September 27, 2007 at 8:14 pm |

[...] is some weird shit Seriously. Come to think of it, I have always wondered what a well-ordering of [0, 1] looks like . . [...]

September 27, 2007 at 9:25 pm |

I agree with the people who say that infinity in general is the problem, not the AC in particular. Tail events are creepy.

I think I find Terence Tao’s AC-free version (only a finite number have black hats and everyone says “white”) quite convincing. Apparently it’s essentially the same thing, but with a fixed equivalence class. And I think we don’t have to worry about being able to construct an appropriate product measure if we are just appealing to intuitions anyway :)

September 28, 2007 at 2:18 pm |

[...] geometry is over-representation. Manifolds are conventionally defined via absurdly large, Zorn’s-lemma’d maximal atlases, giving an enormous sea of possible coordinates which could represent an object. [...]

October 1, 2007 at 5:45 am |

[...] The Axiom of Choice is Wrong « The Everything Seminar [...]

October 18, 2007 at 5:44 am |

See my web page about the negation of the axiom of choice :

http://jebara.topcities.com

Adib Ben Jebara.

November 19, 2007 at 6:25 am |

A couple of people have said that the prisoners will require a countably infinite memory to remember their agreement. I think it’s one power set worse than that, since there are uncountably many equivalence classes.

November 21, 2007 at 5:23 am |

In regards to many of the above comments, the point of this problem has nothing to do with physical prisoners or physical memories or physical hats, especially since it seems unlikely that there is even a physical infinity. The point is that the axiom of choice leads to some unintuitive consequences. For me, this is ok, because the existence of an infinite set is an axiom of ZF set theory, and it seems probable that this axiom does not coincide with the real world. If we assume one “unphysical” axiom, this probably ruins our intuition, so even if the axiom of choice seems intuitive in some choice of phrasings, it could easily lead to nonintuitive results. This is fine and interesting, and I think we shouldn’t be scared of it, as long as we realize that it shouldn’t necessarily lead to results which agree with the real world.

April 12, 2008 at 4:46 pm |

[...] are still some people who are pissed off about Cantor’s discoveries, and who would sooner overthrow the standard axioms of mathematics than confront the “paradoxes” of the infinite. Even Hilbert, who had the good sense to [...]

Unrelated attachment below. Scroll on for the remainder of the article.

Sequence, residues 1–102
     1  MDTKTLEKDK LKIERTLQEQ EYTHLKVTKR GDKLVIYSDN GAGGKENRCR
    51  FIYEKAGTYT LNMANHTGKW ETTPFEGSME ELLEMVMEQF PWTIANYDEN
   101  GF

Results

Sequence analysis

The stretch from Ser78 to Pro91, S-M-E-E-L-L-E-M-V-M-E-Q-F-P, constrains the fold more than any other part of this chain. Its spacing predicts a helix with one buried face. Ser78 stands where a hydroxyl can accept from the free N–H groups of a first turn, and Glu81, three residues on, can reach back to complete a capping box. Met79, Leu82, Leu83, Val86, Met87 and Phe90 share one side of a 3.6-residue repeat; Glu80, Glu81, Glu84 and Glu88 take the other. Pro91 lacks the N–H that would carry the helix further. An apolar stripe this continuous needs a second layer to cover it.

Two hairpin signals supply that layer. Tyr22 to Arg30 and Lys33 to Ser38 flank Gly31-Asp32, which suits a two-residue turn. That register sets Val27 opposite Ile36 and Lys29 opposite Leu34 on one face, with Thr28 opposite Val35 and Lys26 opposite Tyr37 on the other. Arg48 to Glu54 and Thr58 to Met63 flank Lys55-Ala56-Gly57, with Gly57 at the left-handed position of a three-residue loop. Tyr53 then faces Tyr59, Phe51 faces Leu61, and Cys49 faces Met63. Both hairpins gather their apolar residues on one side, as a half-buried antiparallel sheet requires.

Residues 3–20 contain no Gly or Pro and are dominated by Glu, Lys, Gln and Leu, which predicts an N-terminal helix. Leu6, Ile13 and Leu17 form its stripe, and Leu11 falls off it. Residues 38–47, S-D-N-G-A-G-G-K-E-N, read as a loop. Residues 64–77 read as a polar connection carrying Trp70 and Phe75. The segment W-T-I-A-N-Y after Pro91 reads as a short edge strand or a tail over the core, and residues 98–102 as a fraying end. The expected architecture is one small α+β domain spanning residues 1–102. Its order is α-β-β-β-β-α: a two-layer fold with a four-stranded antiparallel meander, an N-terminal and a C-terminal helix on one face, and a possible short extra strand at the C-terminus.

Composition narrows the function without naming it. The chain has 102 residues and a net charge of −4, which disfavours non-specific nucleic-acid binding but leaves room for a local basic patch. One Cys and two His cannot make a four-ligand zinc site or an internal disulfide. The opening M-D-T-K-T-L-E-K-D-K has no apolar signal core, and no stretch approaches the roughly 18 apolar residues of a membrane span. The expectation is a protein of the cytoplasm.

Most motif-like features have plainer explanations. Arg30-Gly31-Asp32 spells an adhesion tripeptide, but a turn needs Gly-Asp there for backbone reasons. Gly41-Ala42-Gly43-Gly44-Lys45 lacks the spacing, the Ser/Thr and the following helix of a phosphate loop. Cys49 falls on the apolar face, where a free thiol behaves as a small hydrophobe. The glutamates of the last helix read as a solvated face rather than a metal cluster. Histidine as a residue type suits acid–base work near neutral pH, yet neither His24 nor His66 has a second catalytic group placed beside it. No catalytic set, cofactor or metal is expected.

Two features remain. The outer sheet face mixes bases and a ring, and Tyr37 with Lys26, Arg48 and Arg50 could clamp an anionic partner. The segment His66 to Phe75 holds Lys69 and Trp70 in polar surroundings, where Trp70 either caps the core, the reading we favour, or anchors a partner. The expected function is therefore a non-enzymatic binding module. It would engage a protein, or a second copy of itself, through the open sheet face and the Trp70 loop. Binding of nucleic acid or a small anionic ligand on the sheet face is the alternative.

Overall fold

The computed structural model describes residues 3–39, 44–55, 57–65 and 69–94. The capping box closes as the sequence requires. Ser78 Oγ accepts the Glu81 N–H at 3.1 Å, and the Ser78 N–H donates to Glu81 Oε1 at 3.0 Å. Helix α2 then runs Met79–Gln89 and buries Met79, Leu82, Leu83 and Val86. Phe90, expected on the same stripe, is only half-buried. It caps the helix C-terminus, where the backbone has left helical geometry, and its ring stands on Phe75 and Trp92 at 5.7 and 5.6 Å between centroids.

April 30, 2008 at 10:58 am |

I think, in a universe where people have countably infinite memory, the countable version of axiom of choice would no longer be an axiom, it would be a theorem. Because in their understanding of mathematics, proofs would be allowed to contain infinite lines.

June 7, 2008 at 5:46 pm |

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August 23, 2008 at 7:17 pm |

[...] some interesting comments on this puzzle, see Greg Muller’s blog post on it here and Chris Hardin and Alan Taylor’s paper An Introduction to Infinite Hat [...]

September 22, 2008 at 5:05 pm |

[...] construction of the strategy is actually relatively simple (and it resembles the solution to this infinite hat problem closely.) Firstly we divide the space of all possible complete sequences of [...]

September 29, 2008 at 4:30 pm |

There is a much simpler contradiction from the axiom of choice and probabilistic intuition: if you are allowed to pick a real number between 0 and 1 uniformly at random, and determine whether it is in a set S or not, then you can determine the measure of an arbitrary set S.

Pick real numbers r_i uniformly at random in [0,1] and check to see if they are in S. Take the limit of the mean number that land in S and define the measure to be that. It is easy to check (intuitively! this doesn’t make sense in ZFC) that this is countably additive. But this contradicts the existence of a non-measurable set.

So you have a “choice”: allow real numbers which are random, and a mathematical universe which accords with probabilistic intuition, or allow the axiom of choice and a system which accords with nobody’s intuition. If you allow random real numbers, the ordinal properties of the real numbers are beyond reach— they are too big to be well ordered. If you allow the axiom of choice, you pretend to make statements about the ordinal size of the real numbers, and then (surprise surprise) you find this is a shifty concept which you can force around to be anything.

I think that mathematicians made a boneheaded choice, and are paying for it. So they find it difficult to construct measures on large spaces, something which should be trivial, while making proofs about the ordinal size of the reals (a concept which is so model-dependent that it should be completely counterintuitive) is easy.

October 1, 2008 at 8:07 am |

It’s probably worth mentioning smooth infinitesimal analysis (SIA) here; a version of calculus based on intuitive logic which does not admit the Axiom of Choice (AC). Because of this, in SIA the Intermediate Value theorum is false (see A Primer of Infinitesimal Analysis, J L Bell). In The Foundations of Mathematics (Stewart and Tall) the authors assume that the Intermediate Value theorum is necessary and use that assumption to justify the development of a theory of Real numbers (as opposed to just rational numbers) which of course requires the AC. So, mathematicians not only made a boneheaded choice, they took a completely unnecessary intellectual path.